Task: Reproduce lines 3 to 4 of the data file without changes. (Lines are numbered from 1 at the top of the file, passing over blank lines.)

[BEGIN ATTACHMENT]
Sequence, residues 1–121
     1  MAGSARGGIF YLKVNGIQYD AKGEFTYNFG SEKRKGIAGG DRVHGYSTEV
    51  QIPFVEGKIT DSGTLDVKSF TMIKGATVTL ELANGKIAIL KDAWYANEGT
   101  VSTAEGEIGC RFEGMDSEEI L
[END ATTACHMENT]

    51  QIPFVEGKIT DSGTLDVKSF TMIKGATVTL ELANGKIAIL KDAWYANEGT
   101  VSTAEGEIGC RFEGMDSEEI L